So let us suppose I have drawn Dobbin in the Sweep. Dobbin is auctioned and, being marginally fancied for the Celebrated Race is sold for £6,000. As the owner of Dobbin, I receive 50%, and the other £3k goes into the pool, making the pool £18k. From that pool, at the end of the evening, the organisers will deduct x% for the charity the dinner is supporting, and then the balance will be divided between the first three places and the last one home – with, say, 60% to the winner and lower amounts to the others. Yes, Cherie, you have seen the secondary and oft-forgotten benefit. You could buy Dobbin yourself – and only pay 50% of the bid price! However, you are a braver man than me, Gunga, if you only bought £100 of raffle tickets and were getting a 30-1 return, guaranteed.

It is also in the thrilling bidding that some surprises can still be found. These events are heaving with racing pros, and I have seen trainers bidding for a  rival’s runner and owners bidding against their trainers. Historically in the days when bookmakers were people of conviction and not just dullard accountants, and when the Betfairs didn’t exist, these dinners would be the place for some useful laying off – because there was sufficient liquidity and risk-takers in situ. it was also a place for some of the major players to get a hefty bet on at sensible prices.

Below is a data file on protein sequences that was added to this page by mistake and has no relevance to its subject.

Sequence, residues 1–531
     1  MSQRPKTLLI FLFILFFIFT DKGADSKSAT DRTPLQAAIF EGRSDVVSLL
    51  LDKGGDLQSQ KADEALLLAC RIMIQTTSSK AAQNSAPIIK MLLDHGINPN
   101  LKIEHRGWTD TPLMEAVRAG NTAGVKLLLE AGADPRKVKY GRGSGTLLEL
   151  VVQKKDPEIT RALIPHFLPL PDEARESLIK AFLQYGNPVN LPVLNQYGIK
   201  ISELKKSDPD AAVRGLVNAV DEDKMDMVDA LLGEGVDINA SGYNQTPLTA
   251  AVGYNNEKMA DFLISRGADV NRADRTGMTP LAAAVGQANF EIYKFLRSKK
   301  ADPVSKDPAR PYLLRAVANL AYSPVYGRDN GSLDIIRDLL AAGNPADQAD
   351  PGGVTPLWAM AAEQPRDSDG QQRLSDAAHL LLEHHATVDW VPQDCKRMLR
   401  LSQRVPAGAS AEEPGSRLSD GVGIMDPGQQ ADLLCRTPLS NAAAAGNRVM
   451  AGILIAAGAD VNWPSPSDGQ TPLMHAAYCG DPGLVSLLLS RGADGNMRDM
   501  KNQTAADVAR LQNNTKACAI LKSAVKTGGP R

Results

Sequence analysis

This brings me finally to the point. Was I at a Derby Dinner – where would I be hoping for a draw, and where might I be having a bid?

As you have the Rabbit Pilaf en brioche au Creme d’Andouillete consider the running news story this has become. It has the real possibility of being a truly major and uncontrollable riot with 200+ yobbos and 1000 of their scummy anarchist cousins from Extinction Anarchists of the Vegan Glue is For Pussies Society. A non-stop fight from 12:30 on the Downs; bring your own Drones. Hopefully, the traditional travelling community who often occupy the Downs for Derby week will also be there in some numbers. Those boys are always keen on a good cock or dogfight and are not necessarily strangers to badger-baiting. Of course, you can’t say so because that would either be considered a hate crime or, should you attend the odd Northern sporting occasion, considered cultural assimilation. Personally, I hope they give them seven kinds of hell and that the 3000 Old Bill averts their eyes for 30 minutes.

Sensibly, however, young Andrew Cooper – England’s finest Clerk of The Course – will ignore me and will water sufficiently to produce no faster than Good ground – he will definitely not be producing fast ground, despite the current drying conditions. The last thing we need is any jarring.

As for me…